Boeing was forced to ground its 767-based KC-46 tankers for the past week after the Air Force expressed concern about loose tools and bits of debris found in various locations inside the completed airplanes, according to internal company memos.
"We have USAF pilots here for flight training and they will not fly due to the FOD (foreign object debris) issues and the current confidence they have in our product that has been discovered throughout the aircraft," factory management wrote in a Feb. 21 memo to employees on the 767 assembly line.
Military helicopter pilot Dominic Cipolla walks under the wing of an instruction plane at Coast Flight Training in San Diego, California, U.S., January 15, 2019. Picture taken January 15, 2019. (Reuters/Mike Blake)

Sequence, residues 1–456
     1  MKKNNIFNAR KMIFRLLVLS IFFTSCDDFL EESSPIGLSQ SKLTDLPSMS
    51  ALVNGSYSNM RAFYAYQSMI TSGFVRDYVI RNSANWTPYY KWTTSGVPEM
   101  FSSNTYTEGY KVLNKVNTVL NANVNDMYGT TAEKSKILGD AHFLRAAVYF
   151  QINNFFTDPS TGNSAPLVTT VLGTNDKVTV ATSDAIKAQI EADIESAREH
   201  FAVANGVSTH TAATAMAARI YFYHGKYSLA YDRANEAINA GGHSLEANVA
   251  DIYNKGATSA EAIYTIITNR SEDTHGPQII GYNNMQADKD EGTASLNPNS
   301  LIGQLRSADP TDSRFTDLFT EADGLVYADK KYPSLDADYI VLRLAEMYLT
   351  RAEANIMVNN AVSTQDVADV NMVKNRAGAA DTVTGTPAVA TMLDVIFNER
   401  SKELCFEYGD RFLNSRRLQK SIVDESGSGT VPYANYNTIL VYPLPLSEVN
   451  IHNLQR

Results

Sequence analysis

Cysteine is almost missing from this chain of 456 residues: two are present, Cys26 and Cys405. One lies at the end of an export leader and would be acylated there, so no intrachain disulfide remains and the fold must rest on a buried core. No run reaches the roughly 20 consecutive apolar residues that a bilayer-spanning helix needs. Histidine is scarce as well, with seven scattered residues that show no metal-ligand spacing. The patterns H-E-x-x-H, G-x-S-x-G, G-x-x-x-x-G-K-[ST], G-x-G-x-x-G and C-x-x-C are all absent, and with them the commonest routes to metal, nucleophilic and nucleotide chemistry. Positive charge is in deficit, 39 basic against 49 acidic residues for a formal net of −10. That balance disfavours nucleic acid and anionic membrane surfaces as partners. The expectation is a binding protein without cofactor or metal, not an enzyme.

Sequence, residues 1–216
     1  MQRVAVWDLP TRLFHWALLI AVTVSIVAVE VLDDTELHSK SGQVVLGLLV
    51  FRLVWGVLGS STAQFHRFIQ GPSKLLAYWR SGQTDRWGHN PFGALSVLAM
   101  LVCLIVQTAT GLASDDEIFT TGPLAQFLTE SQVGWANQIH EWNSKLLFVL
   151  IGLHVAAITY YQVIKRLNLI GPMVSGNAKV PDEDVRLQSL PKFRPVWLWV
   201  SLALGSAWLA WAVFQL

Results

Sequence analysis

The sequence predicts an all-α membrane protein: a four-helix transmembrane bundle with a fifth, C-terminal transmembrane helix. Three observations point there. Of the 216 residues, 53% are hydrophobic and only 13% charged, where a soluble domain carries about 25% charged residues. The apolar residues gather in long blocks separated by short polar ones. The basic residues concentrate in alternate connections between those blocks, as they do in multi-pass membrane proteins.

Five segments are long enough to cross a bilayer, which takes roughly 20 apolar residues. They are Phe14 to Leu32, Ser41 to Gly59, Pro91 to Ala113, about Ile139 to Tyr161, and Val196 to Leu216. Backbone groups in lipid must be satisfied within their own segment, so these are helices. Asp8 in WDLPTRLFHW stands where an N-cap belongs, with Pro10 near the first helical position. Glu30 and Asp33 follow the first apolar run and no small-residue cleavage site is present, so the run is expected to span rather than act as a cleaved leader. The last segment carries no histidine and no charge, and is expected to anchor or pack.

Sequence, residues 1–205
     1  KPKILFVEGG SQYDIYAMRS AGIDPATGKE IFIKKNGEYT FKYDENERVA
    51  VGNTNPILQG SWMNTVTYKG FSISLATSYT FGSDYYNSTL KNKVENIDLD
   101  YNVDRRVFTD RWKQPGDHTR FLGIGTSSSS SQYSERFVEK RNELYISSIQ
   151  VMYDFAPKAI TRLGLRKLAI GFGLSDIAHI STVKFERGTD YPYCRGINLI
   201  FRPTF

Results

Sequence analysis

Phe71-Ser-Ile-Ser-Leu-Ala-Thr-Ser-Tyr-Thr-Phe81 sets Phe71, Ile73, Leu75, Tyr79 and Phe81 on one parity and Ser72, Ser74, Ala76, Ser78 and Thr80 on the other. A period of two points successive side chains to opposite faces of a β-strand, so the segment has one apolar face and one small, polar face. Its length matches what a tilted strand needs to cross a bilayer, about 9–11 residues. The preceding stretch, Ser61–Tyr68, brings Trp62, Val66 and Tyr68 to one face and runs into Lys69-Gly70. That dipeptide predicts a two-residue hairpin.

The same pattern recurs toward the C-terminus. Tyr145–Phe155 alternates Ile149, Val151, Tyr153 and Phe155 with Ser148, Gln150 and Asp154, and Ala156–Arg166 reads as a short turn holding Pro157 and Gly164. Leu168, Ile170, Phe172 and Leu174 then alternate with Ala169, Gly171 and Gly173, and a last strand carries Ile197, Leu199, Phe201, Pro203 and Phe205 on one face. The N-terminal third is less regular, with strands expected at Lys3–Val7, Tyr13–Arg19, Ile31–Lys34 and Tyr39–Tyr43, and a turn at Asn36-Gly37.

CHICAGO (Reuters) - U.S. Army pilot Shaun Perez spent ten hours flying an Apache helicopter over Afghanistan, providing gun cover for Special Forces soldiers on the ground as they hunted for high-value targets, guns and weapons.
Returning to his base at dawn, he donned a fresh uniform before shutting himself into a small room to secure the next stage of his career — as a commercial airline pilot.
He would win the job in a video interview that day in August 2017, joining hundreds of other U.S. military helicopter pilots who have taken attractive offers from domestic airlines trying ease a global pilot shortage.
On November 16, 2017, residents of Okanagan, Washington looked up to a penis in the sky. It was several miles long, drawn with the exhaust of an EA-18G Growler. After taking tons of photographs, one distressed young mother told local television station KREM, she was worried she “might have to explain what it was to her children.” KREM showed only the shaft during the nightly news, calling the complete drawing, “offensive.”